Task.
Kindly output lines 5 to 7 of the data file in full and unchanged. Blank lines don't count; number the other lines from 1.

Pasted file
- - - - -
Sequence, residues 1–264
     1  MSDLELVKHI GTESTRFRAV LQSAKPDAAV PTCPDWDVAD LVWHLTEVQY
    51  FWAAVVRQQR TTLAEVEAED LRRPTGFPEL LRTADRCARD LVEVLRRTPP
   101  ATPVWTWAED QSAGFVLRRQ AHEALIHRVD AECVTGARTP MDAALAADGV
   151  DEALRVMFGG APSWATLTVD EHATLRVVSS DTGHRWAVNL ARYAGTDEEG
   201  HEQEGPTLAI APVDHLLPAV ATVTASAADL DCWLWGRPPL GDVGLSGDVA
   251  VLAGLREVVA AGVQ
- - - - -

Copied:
   151  DEALRVMFGG APSWATLTVD EHATLRVVSS DTGHRWAVNL ARYAGTDEEG
   201  HEQEGPTLAI APVDHLLPAV ATVTASAADL DCWLWGRPPL GDVGLSGDVA
   251  VLAGLREVVA AGVQ